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<<  -- 2 --  Malcolm Miller    PROMS BEFORE THE PROMS


Alon Goldstein's recital opened with the less often played C major sonata (1825) by Schubert. Its expansive, often elusive syntax was conveyed with finely graduated dynamics, and an inwardness that infused each element with significance: the chordal motifs of the first movement and chromaticism of the second movement gaining resonance in the warm acoustic. Malleability of phrasing, sonorous textural layers gave an orchestral tapestry to four Debussy Preludes, from Book II, from the vigorous efflorescence of 'The Wine Gate', splashed with vibrant stripes, to the piquant sarcasm of 'General Lavine, eccentric'. An affinity for the impressionistic, yet impulsive rhythms of Debussy was further developed in the evocative tableaux of Janácek's In the Mist. Each of the four movements was vividly characterised, the yearning of the first, the contrast of a curious limping theme with a logically developed motif in the second, the cool polyphony of the third and impassioned finale. Chopin's F minor Fantasy was an ideal conclusion, impassioned, tender, dramatic, full of fire. After this exhilarating interpretation, redolent of the finest of Chopin pianists, Goldstein rounded off his recital with an iridescent, pearl like E flat Impromptu by Schubert as encore.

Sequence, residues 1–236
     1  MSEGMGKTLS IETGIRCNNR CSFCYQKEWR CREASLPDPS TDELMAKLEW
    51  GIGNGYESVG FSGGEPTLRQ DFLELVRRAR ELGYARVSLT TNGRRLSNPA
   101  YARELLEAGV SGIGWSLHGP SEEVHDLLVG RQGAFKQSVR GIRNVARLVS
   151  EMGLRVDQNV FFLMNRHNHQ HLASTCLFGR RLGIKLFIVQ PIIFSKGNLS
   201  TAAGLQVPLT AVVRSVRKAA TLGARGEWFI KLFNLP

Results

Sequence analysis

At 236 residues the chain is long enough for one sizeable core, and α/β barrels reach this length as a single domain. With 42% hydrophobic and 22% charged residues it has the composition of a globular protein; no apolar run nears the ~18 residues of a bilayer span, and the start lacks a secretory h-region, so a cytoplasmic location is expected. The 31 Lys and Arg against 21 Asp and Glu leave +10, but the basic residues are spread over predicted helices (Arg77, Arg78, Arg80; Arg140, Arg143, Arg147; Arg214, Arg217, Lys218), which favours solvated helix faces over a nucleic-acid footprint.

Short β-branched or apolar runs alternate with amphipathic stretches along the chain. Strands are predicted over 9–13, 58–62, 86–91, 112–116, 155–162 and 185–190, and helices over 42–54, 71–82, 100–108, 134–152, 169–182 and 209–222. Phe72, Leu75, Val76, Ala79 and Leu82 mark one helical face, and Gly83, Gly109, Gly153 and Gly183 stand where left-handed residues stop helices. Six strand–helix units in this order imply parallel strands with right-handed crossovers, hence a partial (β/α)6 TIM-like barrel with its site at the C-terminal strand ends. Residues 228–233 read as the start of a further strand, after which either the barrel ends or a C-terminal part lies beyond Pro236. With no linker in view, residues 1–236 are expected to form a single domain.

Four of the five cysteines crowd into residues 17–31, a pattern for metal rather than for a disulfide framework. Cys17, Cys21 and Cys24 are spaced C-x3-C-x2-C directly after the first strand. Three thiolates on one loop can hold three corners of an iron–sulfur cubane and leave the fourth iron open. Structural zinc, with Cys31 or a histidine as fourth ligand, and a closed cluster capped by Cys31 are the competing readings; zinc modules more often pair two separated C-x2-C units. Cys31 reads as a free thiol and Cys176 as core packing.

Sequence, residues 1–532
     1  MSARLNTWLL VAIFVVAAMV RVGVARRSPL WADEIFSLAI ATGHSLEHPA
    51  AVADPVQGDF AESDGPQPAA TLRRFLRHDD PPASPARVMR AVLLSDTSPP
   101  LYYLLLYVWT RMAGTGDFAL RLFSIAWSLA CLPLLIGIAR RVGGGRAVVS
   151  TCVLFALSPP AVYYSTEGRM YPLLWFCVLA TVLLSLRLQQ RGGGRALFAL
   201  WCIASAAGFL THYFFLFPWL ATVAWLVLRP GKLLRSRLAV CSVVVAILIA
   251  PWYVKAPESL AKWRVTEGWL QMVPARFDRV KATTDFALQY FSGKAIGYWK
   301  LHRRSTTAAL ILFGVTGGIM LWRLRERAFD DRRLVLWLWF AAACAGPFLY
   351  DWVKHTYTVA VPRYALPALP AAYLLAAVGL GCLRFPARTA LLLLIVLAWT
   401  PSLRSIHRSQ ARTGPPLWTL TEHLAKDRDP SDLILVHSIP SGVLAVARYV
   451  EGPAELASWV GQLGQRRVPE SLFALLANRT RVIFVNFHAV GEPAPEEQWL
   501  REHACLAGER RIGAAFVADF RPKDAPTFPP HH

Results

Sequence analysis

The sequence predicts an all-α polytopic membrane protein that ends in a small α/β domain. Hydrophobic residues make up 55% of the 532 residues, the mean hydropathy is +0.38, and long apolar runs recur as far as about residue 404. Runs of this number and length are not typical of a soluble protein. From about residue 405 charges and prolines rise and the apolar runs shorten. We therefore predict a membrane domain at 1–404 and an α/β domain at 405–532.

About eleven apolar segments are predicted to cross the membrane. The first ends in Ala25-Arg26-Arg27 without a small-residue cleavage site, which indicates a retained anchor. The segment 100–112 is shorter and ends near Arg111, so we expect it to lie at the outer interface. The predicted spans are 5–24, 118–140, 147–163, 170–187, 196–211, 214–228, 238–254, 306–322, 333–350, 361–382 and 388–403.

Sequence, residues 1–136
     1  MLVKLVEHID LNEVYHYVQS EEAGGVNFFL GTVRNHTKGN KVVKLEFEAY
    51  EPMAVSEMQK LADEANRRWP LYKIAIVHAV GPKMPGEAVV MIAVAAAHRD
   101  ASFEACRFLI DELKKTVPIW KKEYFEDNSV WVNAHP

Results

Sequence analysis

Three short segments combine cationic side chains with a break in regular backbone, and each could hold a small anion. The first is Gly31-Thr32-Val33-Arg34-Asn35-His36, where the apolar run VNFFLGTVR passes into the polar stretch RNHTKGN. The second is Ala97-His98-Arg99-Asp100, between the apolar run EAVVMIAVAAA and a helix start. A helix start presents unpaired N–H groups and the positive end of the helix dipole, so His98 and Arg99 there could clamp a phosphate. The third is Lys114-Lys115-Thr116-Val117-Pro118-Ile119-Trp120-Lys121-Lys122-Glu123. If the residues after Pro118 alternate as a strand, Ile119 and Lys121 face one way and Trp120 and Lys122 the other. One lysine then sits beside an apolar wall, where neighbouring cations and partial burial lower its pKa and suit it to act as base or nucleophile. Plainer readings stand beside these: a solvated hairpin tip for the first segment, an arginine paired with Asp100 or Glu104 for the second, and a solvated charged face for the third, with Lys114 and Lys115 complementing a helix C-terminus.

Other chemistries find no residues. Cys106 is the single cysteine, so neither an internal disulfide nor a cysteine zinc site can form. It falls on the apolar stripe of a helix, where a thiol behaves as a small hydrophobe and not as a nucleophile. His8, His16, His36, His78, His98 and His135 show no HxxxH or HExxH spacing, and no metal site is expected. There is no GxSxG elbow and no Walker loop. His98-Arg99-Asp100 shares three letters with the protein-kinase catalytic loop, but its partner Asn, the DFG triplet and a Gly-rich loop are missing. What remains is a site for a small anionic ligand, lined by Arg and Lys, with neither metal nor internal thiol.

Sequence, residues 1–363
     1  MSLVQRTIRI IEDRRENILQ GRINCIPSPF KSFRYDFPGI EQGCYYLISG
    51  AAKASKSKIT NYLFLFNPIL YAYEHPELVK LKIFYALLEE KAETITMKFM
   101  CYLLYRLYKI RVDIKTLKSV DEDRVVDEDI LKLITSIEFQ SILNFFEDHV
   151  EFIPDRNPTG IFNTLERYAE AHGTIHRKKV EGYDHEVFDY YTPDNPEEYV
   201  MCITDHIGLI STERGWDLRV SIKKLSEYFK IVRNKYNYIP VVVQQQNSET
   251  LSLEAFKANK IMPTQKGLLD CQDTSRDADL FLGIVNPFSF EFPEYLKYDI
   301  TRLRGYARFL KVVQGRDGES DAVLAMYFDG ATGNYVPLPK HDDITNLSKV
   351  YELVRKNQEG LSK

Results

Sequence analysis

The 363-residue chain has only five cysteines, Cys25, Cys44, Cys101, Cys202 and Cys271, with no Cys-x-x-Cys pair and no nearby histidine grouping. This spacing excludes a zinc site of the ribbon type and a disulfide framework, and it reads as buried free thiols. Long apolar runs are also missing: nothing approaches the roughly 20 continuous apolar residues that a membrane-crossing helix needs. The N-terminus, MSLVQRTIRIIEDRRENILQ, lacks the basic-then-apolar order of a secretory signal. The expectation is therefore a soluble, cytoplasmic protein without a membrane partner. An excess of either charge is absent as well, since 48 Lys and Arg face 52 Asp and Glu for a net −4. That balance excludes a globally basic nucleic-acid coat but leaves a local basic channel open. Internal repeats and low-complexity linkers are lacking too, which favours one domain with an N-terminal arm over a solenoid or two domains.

The following day the mezzo-soprano Ruti Halvani gave a delightful lunchtime recital accompanied superbly by William Hancox and joined on occasion by the tenor Neil Allen. Ms Halvani's richly developed timbre well suited the opening set of Rachmaninov and Tchaikovsky songs, the Russian language incisively projected and the passionate intensity of the text conveyed with subtle dynamics, and conviction. Since winning the Leoncavallo Competition in Switzerland, Ms Halvani frequently appears in oratorio and has recorded a CD celebrating 200 years of American-Jewish music. Her dramatic range and tonal breadth were especially well displayed in Four Israeli Folksongs in evocative arrangements by the Israeli composer Menachem Wiesenberg. The stirring melody and rhythmic desert drum-beats of 'Kovu Orot' (Lights Out) were contrasted by the more tender 'Eli, Eli' (My God) and syncopated Sephardi modality of 'Dodi Li' (My Beloved). Powerful characterisation coloured duets from Carmen and Bernstein's Tonight, with the tenor Neil Allen, whose bright edged tone was stirringly projected in 'Maria'. A selection of wittier songs, including 'I'm easily assimilated' from Bernstein's Candide, with its Iberian flavours, highlighted Ms Halvani's versatility and concluded on a highnote.

Copyright © 3 July 2001 Malcolm Miller, London, UK




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